how to troubleshoot slow running stored proc

  • Hi All,

    Assuming I have an problematic stored procedure in production which is taking 45 mins to execute, I want to trace or track which stmt is taking up more resources I/O,cpu,memory,or getting blocked and so long running(duration).

    Assume that within my stored proc I have 10 sql stmts and wanted to track down those 2-3 statements causing the slowness.(may be blocking . may be reading a whole of data , long running, high reads,high cpu or something else ..)

    I also, want to track down compile time and run time parameter values to find out if there is any issue with parameters being passed or wrong plan is being picked up.  Now suppose, I want to setup some kind of trace to gather information , in such case, what columns do I need to choose while setting a trace for troubleshooting a specific stored procedure by putting a filter on dbname and stored proc name. Second part is, after collecting the trace , how to do the analysis (reporting query) whether we need to check by total duration or reads or cpu time?  Can anyone provide your inputs on how to do multi-dimensional analysis and why to do that slicing dicing ? Please provide some ideas.

    If anyone has already implemented such trace, it would be a great help if it can be shared. I am using SQL 2016 EE.

    Thanks,

    Bob

  • Thanks for posting your issue and hopefully someone will answer soon.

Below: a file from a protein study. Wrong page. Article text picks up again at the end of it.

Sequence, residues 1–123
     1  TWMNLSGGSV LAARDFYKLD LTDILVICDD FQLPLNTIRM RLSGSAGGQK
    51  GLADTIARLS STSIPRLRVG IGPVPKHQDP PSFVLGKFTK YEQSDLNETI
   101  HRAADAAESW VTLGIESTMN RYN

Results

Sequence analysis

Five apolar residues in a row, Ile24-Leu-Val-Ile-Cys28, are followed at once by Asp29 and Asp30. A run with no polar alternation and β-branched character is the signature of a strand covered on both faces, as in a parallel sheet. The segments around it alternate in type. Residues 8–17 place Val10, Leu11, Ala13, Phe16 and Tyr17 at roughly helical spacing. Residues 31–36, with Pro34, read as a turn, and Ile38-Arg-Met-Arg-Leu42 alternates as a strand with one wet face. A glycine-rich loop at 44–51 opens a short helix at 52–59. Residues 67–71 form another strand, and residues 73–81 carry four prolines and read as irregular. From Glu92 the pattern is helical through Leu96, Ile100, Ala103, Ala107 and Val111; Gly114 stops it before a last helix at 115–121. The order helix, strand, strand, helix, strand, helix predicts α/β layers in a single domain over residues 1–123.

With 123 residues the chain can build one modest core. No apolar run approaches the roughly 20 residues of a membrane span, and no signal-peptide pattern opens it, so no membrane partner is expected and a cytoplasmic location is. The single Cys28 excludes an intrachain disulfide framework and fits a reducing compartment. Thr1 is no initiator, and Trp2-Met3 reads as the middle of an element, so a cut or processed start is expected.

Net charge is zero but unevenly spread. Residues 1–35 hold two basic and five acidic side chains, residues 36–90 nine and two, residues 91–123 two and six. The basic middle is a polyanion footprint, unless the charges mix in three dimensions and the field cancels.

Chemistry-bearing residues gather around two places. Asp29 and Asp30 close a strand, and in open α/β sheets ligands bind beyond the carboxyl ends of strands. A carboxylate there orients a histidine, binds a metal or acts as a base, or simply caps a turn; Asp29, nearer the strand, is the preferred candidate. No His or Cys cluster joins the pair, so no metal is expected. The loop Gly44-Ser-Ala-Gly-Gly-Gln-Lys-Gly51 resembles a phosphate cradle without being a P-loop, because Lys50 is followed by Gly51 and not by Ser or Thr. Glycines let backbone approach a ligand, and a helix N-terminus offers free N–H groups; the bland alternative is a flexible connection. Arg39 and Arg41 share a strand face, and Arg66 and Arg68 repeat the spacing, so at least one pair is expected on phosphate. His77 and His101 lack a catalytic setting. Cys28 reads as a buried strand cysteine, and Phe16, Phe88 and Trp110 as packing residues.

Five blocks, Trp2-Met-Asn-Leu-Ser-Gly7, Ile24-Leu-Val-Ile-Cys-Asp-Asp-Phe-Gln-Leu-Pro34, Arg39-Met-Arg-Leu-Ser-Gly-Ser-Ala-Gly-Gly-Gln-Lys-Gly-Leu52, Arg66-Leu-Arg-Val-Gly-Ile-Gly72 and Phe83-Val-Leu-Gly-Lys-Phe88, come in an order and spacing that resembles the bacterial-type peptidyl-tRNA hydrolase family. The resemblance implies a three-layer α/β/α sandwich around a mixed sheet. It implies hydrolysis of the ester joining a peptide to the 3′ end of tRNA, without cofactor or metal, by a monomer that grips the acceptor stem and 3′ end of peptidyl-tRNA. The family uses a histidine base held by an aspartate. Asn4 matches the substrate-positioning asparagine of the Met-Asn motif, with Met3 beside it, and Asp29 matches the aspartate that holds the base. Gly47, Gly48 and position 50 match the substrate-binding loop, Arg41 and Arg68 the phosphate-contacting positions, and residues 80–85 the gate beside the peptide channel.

This is an automated bump to increase visibility of your question.

  • Can't say anything without seeing the code

    Aus dem Paradies, das Cantor uns geschaffen, soll uns niemand vertreiben können

  • Checking on what columns should be of interest if we create some sort of trace.

  • Run it manually once with the execution plan turned on.

    Also, look into Brent Ozar's "First Responder Kit".  It's free and the code is open for you to use to learn from and modify if needed.

    The other thing to remember is that your longest running queries are usually not your worst queries.  It's usually the things that are executed thousands of times per hour.  Brent's tools will help you there, as well.

    Of course, you could go to the Object Explorer, right click on the instance, select reports, and the follow your nose in the performance reports that will show you the worst resource consuming queries  that are in cache.  These may actually be a part of a stored procedure which helps with your other question about how to find the parts of stored procedures that are the worst.  Brent's code, Adam Machanic's sp_WhoIsActive, and most monitoring tools do the same thing except you can usually see the code they're using and capture the results over time.

    Another tool that comes with SQL Server is "Query Store".  I've not used it and probably won't but other's swear by it.

    --Jeff Moden


    RBAR is pronounced "ree-bar" and is a "Modenism" for Row-By-Agonizing-Row.
    First step towards the paradigm shift of writing Set Based code:
    ________Stop thinking about what you want to do to a ROW... think, instead, of what you want to do to a COLUMN.
    "Change is inevitable... change for the better is not".

    Helpful Links:
    How to post code problems
    How to Post Performance Problems
    Create a Tally Function (fnTally)
    Intro to Tally Tables and Functions

  • Thanks Jeff for those pointers. I am basically checking for an extended event trace definition file to track these numbers.

    I never used sp_blitz and not sure how it will behave on prod.

    Looking for a simple straight forward trace or extended event trace definition file where I can start the trace and stop it manually and executing a reporting query for analysis based on different columns.